SARS-CoV-2 (Severe acute respiratory syndrome coronavirus 2) causes a variety of responses in those who contract the virus, ranging from asymptomatic infections to acute respiratory failure and death. While there are likely multiple mechanisms triggering severe disease, one potential cause of severe disease is the size of the initial inoculum. For other respiratory diseases, larger initial doses lead to more severe outcomes. We investigate whether there is a similar link for SARS-CoV-2 infections using the combination of an agent-based model (ABM) and a partial differential equation model (PDM). We use the model to examine the viral time course for different sizes of initial inocula, generating dose-response curves for peak viral load, time of viral peak, viral growth rate, infection duration, and area under the viral titer curve. We find that large initial inocula lead to short infections, but with higher viral titer peaks; and that smaller initial inocula lower the viral titer peak, but make the infection last longer. Full article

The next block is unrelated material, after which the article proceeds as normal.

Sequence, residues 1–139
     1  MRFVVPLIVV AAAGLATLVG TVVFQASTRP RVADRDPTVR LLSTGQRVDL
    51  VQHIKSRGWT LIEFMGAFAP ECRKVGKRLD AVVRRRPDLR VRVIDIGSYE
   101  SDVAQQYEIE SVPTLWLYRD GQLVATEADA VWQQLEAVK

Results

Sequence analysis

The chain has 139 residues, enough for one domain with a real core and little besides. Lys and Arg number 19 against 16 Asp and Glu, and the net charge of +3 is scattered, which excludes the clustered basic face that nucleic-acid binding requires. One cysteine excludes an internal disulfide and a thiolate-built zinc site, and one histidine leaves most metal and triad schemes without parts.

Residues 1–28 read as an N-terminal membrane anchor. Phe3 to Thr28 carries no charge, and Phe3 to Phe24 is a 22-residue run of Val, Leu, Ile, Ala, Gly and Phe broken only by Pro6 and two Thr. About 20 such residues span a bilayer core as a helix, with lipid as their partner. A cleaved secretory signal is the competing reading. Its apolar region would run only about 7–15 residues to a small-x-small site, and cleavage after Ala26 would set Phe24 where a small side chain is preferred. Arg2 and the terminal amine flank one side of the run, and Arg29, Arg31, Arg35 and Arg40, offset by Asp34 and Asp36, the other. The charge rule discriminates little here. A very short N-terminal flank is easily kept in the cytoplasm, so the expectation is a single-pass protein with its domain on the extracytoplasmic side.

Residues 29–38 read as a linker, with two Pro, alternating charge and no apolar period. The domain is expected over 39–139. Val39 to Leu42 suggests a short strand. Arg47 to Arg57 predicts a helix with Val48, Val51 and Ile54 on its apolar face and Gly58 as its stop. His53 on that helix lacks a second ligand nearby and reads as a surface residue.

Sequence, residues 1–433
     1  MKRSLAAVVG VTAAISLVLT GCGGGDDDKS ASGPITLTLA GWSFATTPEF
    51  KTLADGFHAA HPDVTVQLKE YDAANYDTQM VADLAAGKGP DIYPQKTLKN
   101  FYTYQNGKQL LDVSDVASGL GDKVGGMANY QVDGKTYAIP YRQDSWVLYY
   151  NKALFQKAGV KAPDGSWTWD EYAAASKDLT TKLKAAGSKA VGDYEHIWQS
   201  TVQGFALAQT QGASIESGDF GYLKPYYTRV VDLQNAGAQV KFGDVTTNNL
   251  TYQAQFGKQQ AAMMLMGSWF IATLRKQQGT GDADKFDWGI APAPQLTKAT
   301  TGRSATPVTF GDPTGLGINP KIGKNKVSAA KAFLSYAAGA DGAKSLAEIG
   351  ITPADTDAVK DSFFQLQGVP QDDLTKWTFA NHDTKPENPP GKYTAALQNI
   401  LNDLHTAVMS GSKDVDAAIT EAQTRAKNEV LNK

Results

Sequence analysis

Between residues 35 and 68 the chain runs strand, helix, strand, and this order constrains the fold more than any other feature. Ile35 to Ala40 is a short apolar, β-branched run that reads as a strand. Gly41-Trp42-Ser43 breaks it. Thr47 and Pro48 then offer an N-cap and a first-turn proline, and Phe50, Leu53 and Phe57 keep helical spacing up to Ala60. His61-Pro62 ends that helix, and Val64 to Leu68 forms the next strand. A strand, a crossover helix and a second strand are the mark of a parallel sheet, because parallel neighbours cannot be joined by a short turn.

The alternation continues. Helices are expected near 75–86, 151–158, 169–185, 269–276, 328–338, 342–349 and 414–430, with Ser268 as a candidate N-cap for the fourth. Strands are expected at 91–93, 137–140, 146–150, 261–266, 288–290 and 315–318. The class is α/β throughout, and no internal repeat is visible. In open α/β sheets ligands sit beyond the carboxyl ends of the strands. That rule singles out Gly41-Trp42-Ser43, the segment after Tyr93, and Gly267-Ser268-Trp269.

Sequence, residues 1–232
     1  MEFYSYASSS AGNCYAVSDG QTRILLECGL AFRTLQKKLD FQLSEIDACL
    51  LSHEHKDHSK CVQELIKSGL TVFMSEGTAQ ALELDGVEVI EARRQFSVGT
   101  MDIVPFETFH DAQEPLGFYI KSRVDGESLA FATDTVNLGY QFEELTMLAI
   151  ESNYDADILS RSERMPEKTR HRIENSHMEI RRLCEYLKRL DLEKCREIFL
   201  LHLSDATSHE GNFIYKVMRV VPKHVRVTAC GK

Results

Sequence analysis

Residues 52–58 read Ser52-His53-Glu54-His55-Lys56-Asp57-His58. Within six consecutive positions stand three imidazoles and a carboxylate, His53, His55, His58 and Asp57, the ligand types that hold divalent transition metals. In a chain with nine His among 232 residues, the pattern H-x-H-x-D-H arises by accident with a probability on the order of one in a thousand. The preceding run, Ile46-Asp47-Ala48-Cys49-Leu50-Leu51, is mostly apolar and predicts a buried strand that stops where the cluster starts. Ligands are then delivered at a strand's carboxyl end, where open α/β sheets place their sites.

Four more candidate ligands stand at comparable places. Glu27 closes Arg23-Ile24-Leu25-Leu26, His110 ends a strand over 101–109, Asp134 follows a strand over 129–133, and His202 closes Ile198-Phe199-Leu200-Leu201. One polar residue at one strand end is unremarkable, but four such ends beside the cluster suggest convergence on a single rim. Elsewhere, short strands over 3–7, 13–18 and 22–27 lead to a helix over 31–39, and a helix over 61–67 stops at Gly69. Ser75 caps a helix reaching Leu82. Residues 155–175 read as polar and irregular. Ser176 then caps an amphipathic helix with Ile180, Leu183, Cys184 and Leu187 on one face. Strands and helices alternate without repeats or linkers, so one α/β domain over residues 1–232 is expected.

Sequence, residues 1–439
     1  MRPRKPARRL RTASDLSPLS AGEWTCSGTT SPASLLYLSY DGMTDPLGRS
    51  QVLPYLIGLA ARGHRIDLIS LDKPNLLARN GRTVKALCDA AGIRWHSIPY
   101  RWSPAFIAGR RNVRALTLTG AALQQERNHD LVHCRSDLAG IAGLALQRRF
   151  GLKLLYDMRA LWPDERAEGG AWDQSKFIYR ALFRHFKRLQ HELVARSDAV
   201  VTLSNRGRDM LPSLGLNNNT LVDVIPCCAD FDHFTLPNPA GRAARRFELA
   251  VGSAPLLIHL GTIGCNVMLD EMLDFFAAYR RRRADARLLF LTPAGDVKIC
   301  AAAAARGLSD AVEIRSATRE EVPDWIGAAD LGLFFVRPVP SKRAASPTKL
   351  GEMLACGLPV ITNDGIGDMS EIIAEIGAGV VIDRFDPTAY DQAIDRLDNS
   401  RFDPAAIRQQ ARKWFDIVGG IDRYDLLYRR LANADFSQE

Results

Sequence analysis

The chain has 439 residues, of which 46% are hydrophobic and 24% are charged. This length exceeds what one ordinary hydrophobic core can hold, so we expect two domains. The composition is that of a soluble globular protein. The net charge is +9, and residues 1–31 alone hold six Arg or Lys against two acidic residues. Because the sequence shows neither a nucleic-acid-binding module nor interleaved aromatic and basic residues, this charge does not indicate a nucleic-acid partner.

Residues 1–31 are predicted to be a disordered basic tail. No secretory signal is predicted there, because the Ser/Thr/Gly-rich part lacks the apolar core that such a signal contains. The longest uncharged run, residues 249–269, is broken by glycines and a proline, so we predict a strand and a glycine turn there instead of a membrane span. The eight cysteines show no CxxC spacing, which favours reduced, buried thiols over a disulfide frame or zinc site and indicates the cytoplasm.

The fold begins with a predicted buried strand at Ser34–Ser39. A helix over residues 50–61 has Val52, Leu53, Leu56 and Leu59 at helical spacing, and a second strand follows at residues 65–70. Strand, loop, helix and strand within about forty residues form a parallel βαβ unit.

(This article belongs to the Special Issue Evolving COVID-19 Epidemiology and Dynamics)
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Editorial
Post-Modern Epidemiology: Back to the Populations
Epidemiologia 2020, 1(1), 2-4; https://0-doi-org.brum.beds.ac.uk/10.3390/epidemiologia1010002 - 19 Aug 2020
Cited by 1 | Viewed by 815
Abstract
The creation of new journal about epidemiology is a good opportunity to think about the state of the field and to make proposals for its development [...] Full article
Editorial
Introduction to a New Open Access Journal by MDPI: Epidemiologia
Epidemiologia 2020, 1(1), 1; https://0-doi-org.brum.beds.ac.uk/10.3390/epidemiologia1010001 - 06 Aug 2020
Viewed by 1213
Abstract
I am pleased to announce a new journal in the field of epidemiology [...] Full article